April 1, 2014 | Posted by D. T. Cochrane
Television personality Kevin O’Leary is best known as the ‘asshole’ on the investment reality shows Dragon’s Den, in Canada, and Shark Tank, in the United States. The shows have self-styled entrepreneurs bring forth their inventions or business ideas in hopes of attracting investment from a panel of capitalists, which includes O’Leary. He has established himself as the unemotional ‘money guy.’ He is also the unabashed markets über alles cheerleader on CBC’s Lang and O’Leary Exchange. O’Leary is very aware of his media persona and works diligently to cultivate that image. In the process, he has become a caricature of The Capitalist.
On the Lang and O’Leary Exchange, he faces off against business reporter Amanda Lang, who offers a very middle-of-the-road contemporary liberal perspective: pro-market, with some role for government intervention. O’Leary, on the other hand, regards markets as an almost perfect instruments of resource allocation, only hindered by governments. Profit-seekers, like himself, seek out opportunities to make money. In doing so, he claims, they necessarily serve the broad interests of society. His analysis of any given topic frequently turns to the movements of capital markets. These movements, he believes, give him all the insight he needs, since markets always get it right. They do so because money is on the line. As such, he’s the perfect capitalist to help someone understand the capital as power framework. His worldview is almost entirely translated through the qualities of capitalization.
As an example, on the March 24th, 2014 episode, the issue of Russia’s annexation of the Crimea came up. Lang asked what “levers” the West has to pressure Russia. O’Leary says there is nothing that governments, or multilateral organization like the G8 or NATO, can do, but “the market will do what it’s going to do.” He explains that the cost of capital in Russia has increased about 30 basis points and total market capitalization has declined about 20%. Capital, O’Leary argues, will move from Russia to “places where they are acting better, like China.” Then, the Russia people, particularly the capitalist cronies, who are seeing their net worth decline will do something to constrain Russian President Valdimir Putin. This is the virtue of the market, according to O’Leary. It punishes bad behaviour, defined as behaviour contrary to the interests of business, which is synonymous with the interests of society. Regardless of the qualitative make-up of events, whether the annexation of part of another country or the release of a new product line, the market will transform those incommensurable qualities into the easily understood quantities of capital.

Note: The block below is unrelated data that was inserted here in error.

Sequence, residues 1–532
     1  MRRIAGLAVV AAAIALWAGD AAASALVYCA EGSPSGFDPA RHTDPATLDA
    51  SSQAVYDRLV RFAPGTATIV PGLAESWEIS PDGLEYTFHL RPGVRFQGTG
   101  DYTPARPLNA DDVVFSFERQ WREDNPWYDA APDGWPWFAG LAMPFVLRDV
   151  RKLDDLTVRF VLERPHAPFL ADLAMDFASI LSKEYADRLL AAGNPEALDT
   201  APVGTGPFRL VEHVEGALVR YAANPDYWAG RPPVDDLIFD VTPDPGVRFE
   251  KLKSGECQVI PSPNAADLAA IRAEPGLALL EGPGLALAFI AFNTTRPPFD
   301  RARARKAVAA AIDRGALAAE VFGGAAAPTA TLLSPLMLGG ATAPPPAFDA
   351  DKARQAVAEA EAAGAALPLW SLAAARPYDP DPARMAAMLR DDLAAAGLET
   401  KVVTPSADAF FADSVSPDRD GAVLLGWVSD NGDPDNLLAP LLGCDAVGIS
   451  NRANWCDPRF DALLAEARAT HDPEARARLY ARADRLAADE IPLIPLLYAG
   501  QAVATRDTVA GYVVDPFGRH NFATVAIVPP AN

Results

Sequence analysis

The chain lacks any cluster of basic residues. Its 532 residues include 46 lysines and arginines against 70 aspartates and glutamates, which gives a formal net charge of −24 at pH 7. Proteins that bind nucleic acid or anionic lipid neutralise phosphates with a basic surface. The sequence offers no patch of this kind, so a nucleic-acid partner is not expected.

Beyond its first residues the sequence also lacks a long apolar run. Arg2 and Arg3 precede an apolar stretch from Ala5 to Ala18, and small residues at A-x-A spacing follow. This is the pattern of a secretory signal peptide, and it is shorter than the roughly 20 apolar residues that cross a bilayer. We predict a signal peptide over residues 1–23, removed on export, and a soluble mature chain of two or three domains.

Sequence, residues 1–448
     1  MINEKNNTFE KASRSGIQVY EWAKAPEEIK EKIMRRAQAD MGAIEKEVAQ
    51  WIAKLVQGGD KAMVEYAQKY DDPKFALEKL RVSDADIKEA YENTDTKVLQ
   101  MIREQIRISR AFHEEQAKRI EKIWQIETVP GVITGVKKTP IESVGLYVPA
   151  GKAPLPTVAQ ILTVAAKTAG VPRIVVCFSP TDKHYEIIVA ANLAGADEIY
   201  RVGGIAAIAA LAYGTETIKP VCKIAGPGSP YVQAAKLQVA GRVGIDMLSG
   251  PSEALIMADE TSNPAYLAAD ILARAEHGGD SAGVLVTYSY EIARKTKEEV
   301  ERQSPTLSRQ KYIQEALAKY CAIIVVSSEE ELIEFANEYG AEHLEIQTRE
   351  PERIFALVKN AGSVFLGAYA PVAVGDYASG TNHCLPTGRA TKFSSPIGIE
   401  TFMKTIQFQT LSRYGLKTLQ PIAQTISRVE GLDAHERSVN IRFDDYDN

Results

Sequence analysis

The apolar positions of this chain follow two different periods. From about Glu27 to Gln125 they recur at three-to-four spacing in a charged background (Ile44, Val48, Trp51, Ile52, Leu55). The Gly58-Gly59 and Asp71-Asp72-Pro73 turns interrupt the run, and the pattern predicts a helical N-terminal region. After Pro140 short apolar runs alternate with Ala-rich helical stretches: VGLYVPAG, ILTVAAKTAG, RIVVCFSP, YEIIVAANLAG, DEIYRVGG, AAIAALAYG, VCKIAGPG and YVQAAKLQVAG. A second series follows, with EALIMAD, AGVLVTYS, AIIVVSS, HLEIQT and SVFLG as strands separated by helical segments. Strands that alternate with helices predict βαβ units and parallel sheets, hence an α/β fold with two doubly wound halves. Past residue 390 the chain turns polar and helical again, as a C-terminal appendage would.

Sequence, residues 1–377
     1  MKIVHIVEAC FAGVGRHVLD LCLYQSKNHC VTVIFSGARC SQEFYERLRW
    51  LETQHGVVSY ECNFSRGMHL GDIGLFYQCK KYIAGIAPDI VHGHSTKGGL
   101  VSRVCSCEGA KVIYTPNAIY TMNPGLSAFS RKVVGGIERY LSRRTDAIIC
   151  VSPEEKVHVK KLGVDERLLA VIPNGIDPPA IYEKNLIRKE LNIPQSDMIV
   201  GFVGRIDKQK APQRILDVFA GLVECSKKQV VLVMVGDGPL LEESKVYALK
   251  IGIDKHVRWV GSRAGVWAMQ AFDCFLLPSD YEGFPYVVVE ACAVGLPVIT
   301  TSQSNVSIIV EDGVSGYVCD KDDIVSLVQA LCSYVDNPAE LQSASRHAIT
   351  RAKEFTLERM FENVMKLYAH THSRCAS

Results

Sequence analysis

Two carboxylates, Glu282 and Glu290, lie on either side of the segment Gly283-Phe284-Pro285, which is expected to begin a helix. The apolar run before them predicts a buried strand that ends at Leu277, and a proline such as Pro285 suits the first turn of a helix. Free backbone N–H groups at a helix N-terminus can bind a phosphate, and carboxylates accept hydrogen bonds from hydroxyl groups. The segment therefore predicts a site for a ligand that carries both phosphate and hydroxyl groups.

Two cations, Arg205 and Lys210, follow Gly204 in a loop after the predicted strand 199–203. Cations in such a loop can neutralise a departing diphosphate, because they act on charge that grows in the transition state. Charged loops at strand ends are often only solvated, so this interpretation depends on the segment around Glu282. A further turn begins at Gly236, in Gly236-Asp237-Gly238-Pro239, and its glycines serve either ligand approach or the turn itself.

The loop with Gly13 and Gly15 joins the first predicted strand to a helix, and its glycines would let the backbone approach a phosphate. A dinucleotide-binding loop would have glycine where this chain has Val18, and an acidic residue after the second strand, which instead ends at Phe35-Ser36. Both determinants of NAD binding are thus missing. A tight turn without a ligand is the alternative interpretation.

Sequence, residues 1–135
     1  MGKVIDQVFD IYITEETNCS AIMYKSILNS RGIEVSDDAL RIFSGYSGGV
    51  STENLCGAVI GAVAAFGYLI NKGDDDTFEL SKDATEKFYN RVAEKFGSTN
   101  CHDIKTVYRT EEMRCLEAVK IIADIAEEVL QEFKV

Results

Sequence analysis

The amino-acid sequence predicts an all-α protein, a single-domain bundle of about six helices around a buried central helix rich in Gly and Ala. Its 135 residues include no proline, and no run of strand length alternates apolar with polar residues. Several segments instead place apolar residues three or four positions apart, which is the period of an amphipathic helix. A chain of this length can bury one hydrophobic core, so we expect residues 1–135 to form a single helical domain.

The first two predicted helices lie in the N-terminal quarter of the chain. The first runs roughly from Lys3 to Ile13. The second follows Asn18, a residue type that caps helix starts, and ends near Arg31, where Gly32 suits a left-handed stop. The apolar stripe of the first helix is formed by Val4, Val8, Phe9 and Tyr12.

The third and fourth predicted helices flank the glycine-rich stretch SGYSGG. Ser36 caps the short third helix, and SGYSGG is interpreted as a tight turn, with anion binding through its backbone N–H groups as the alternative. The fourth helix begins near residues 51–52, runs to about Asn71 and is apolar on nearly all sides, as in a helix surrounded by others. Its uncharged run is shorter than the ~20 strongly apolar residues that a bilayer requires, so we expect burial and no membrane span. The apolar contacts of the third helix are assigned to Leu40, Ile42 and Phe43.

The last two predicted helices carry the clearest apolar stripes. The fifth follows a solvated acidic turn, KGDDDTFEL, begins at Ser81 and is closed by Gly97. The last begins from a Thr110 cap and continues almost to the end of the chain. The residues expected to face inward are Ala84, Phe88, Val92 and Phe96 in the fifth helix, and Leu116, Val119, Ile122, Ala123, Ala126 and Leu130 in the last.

Actual blood and guts capitalists are complicated people, as we all are. They have families. They have hobbies. Most have interests beyond making money. However, what actual markets do is denude them of all these other interests, in as much as they are capitalists. The undertakings of capitalists must be considered potentially profitable. This is how capitalization serves to gird the entire qualitatively diverse system and how it is self-reinforcing. Love of technology, love of productivity, love of consanguineous relations, love of sustainability, all of this must be subordinate to the accumulatory drive. If capitalists want to pursue passion projects that are contrary to gain, they must do so outside the accumulatory institutions, as Bill Gates has done with his post-Microsoft life.
This is why Kevin O’Leary is such a suitable figure for understanding the disciplinary nature of capitalization. He espouses it so directly and unabashedly that he embodies the essence of capital.